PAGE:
Meet Your Physician Legislators: Rep. Bryan Terry

September 27, 2016

Name: Rep. Bryan Terry
District: 48, part of Rutherford County
Years in General Assembly: 2
Campaign Website: bryanterry4tn.com

Rep. Bryan Terry (R-Murfreesboro) said that in 2017 the General Assembly could consider issues including narrow healthcare insurance networks, Medicaid expansion and a bill to allow some to opt out of TennCare in favor of health savings accounts.

Rep. Terry is one of six TMA physician members serving in the state legislature. He is running for re-election in November.

Rep.Terry said much of what legislators are able to address in the sphere of healthcare will be driven by who is elected the next president of the United States.

If Republican Nominee Donald Trump is elected, there may be more opportunities to pass patient-friendly healthcare legislation, he said.

“If it’s Hillary Clinton I’m not sure that we will have that flexibility,” Rep. Terry said.

Rep. Terry said he is pleased that TMA is active in addressing maintenance of certification in the upcoming legislative session. MOC is one of TMA’s top legislative priorities for 2017.

He said it will be important for him to speak to voters about the issue, and he will testify on it in front of legislative committees if necessary.

“I have to go through it, and I see that there isn’t much value added to my practice, but the cost, the stress, and the time away from my practice and family are concerning to me,” he said.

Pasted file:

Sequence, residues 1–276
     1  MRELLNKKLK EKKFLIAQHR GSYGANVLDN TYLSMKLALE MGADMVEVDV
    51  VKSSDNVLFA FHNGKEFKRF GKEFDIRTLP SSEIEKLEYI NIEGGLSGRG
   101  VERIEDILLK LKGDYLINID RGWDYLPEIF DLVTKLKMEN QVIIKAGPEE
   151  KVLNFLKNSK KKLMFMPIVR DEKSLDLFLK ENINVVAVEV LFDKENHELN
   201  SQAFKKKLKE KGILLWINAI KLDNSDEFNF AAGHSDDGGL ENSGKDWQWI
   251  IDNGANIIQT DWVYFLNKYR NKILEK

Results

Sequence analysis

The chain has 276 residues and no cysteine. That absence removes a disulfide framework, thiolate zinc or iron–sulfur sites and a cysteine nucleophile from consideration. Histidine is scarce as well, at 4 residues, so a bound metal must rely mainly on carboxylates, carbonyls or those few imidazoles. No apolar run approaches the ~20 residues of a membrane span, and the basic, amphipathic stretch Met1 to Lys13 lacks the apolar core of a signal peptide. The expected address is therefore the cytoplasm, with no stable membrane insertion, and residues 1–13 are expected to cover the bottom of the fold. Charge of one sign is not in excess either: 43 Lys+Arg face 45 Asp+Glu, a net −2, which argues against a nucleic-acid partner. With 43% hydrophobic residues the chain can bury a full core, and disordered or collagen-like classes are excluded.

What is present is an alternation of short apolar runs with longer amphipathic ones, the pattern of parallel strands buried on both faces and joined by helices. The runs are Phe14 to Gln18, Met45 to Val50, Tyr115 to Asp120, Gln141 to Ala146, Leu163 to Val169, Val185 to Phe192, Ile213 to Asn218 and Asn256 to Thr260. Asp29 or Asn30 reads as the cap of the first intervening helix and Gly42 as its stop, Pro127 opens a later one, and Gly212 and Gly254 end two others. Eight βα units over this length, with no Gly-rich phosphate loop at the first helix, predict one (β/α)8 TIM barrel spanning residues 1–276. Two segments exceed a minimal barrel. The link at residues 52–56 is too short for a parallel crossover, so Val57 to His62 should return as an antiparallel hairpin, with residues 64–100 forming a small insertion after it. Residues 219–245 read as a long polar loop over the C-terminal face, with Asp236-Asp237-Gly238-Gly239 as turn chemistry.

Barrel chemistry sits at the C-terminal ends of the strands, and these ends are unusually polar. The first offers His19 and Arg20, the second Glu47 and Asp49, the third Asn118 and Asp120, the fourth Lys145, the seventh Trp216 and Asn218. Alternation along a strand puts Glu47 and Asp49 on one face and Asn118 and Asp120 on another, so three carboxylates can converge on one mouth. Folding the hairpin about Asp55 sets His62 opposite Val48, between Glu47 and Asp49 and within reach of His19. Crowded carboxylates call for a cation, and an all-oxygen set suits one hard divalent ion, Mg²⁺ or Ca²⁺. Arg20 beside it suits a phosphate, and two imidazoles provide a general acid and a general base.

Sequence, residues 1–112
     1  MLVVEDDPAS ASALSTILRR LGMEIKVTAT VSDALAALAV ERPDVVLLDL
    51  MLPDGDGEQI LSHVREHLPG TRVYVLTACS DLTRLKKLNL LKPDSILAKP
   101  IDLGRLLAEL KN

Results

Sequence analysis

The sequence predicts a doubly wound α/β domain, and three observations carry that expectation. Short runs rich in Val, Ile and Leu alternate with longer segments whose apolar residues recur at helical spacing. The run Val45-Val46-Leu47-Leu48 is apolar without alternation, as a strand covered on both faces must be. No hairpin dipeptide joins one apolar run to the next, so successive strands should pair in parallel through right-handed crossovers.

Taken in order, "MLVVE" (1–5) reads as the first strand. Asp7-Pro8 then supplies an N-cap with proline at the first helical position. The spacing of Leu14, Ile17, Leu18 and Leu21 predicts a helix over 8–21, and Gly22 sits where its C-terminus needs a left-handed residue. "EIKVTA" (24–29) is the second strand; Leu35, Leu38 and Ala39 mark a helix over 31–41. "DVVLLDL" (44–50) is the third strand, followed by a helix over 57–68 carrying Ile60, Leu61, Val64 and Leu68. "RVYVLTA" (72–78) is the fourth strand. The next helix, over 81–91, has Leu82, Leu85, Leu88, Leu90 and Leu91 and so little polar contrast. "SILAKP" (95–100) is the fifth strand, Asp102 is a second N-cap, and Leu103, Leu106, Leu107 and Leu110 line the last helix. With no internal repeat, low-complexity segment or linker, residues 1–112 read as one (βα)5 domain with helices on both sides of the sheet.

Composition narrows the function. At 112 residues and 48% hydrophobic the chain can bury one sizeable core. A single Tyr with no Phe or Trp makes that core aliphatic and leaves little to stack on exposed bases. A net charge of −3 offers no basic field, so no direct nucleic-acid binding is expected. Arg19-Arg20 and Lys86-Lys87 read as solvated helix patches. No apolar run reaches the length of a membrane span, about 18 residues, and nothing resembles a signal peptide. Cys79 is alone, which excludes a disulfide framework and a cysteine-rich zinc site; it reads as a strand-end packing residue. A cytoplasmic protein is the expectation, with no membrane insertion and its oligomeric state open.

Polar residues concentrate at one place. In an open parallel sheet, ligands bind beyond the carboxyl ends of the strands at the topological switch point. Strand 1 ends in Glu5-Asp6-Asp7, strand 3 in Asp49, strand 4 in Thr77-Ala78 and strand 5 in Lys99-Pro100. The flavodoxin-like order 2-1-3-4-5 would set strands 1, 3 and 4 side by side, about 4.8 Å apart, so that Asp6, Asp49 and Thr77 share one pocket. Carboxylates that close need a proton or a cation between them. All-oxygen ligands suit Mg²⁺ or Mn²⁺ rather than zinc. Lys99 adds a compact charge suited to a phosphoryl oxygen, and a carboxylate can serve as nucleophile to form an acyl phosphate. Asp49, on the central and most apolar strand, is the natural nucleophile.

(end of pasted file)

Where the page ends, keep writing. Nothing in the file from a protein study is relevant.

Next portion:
Rep. Terry has been in the General Assembly for two years. He believes in self-governance, an approach to political engagement that involves building relationships with elected officials in order to effect change. When Rep. Joe Carr, who previously held the District 48 post, decided to run for U.S. Senate, Dr. Terry saw an opportunity.

“My state representative was vacating the seat and I saw it as an opportunity to be a positive force in government that I thought was needed,” he said.

Rep. Terry said IMPACT and TMA have assisted him with fundraising, making contact with those interested in the issues important to him and navigating political “landmines” on Capitol Hill.

“As a physician, being a member lets me know that there is a voice at the capitol advocating for the physician-patient relationship as well as advocating for the needs of our patient-centered practices,” he said.

During his time in the legislature, Rep. Terry said one of his proudest accomplishments has been passing a resolution to bring awareness to childhood apraxia of speech, a neurological speech disorder similar to dyslexia. His daughter has the condition.

“My children are my inspiration, and knowing that I did something that would directly impact her and others like her is a proud accomplishment,” he said.

Awareness of childhood apraxia of speech is important because the earlier it is caught, the better the chances that it can be treated sucessfuly, Rep. Terry said.